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Written by
on 20 March 2017


Encouraging employees to take health and safety seriously

The Health and Safety Executive has confirmed an investigation is under way after a video appeared on Twitter showing a man climbing out of a manhole on a busy street in Coleford, Gloucestershire. What makes the video so shocking is that the manhole has not been fenced off in any way to alert drivers that work is underway.

Captured by a local resident on their dashcam, a man wearing a hi-vis jacket emerges from the hole in the road, watched at a distance by his colleague. There are no signs to warn of workers in the road, and the manhole is unmarked, presenting a danger to the man and to motorists who may drive into the hole.

Not taking their own safety seriously

A closer examination of the video reveals that the men do indeed have cones with them – but they are being used to surround their van, parked on the other side of the road. Almost as if protecting their parking space is more important than their personal safety.

This lack of care could have easily resulted in serious injury or death had a less observant driver rounded the corner as the man emerged from the road.

Knock-on effects for the employer

Although the worker is most at risk from their own stupidity, the HSE also apportions some blame to their employer. After incidents like these, inspectors will want to know why a worker would assume it is acceptable to ignore common-sense safety rules.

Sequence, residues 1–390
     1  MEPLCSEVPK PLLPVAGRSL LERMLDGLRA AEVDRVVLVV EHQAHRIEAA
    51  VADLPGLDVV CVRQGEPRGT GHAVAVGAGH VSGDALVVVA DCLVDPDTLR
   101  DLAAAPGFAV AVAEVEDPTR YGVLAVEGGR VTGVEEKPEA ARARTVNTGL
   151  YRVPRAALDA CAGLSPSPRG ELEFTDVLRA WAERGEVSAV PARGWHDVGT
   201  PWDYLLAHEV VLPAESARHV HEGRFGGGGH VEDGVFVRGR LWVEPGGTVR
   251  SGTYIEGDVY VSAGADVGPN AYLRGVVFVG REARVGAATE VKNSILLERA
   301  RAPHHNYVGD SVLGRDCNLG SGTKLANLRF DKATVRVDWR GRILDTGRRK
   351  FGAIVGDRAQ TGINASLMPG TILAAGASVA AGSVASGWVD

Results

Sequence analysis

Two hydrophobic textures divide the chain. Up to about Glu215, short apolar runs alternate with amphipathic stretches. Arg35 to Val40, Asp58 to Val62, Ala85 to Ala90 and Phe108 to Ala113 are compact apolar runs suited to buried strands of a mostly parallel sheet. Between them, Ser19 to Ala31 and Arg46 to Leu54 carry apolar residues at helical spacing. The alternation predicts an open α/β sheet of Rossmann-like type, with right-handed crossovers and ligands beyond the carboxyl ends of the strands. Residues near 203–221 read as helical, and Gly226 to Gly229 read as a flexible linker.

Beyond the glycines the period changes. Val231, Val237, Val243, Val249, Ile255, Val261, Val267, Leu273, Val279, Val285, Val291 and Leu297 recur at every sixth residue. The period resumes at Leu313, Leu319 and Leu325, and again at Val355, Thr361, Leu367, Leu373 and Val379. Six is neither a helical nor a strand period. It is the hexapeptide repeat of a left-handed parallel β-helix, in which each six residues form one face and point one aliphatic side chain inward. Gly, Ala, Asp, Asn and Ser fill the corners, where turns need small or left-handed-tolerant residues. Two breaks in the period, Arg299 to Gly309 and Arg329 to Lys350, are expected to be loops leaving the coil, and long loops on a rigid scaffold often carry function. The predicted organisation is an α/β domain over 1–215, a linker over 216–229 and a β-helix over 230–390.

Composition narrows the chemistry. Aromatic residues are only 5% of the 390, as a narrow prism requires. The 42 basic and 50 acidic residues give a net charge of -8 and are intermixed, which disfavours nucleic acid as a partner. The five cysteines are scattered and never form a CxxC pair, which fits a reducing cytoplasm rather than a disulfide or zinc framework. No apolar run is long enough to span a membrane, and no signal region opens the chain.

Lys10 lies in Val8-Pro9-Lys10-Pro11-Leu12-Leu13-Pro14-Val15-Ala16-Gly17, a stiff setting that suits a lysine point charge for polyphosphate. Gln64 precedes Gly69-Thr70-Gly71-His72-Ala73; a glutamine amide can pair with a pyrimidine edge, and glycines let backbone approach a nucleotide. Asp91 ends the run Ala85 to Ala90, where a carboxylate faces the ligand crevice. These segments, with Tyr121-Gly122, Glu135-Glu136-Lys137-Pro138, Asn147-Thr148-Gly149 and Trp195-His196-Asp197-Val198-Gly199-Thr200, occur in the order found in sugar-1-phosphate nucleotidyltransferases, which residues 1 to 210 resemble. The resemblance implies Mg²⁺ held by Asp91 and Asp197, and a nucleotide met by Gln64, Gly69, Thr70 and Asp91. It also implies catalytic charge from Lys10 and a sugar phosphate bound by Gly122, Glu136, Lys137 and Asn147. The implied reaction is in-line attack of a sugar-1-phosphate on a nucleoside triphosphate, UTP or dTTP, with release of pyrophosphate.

Looking beyond the actual video footage, these men’s’ employer will also be investigated to see whether there is a company-wide culture of neglect for health and safety. They will also want to reassure themselves that the workers were properly trained in site management before being sent out to work on Britain’s roads.

Avoiding similar problems

Other employers looking to avoid similar incidents need to do several things:

  1. Ensure staff are trained in basic site management and ensure they are fully equipped to protect themselves. In this instance, training on safe working in the road, coupled with safety barriers and warning signs would have helped to dramatically reduce the risk presented to workers and drivers.
  1. Ensure records are kept of all training, providing proof in the event of an HSE inspection that all reasonable steps have been taken to protect workers.
  1. Emphasise the employee’s personal responsibility for maintaining safe working practices on site, and implementing a disciplinary procedure that underlines this. You should be prepared to enforce these procedures – including sacking employees – as part of your commitment to company safety.

Employers cannot always protect employees who are determined to break the safety guidelines put in place to protect them – but they can put in safeguards to protect the business in these situations. To learn more about what your business can do, and how you can better protect your workers, please get in touch

About the author

David Cant is a Director at Veritas Consulting. The SME’s favourite go-to consultant for health and safety know-how. Bucket loads of experience. Fluent in practical advice. Solutionist with a brain you can pick. You can find him across social media on Twitter, Facebook and Linkedin.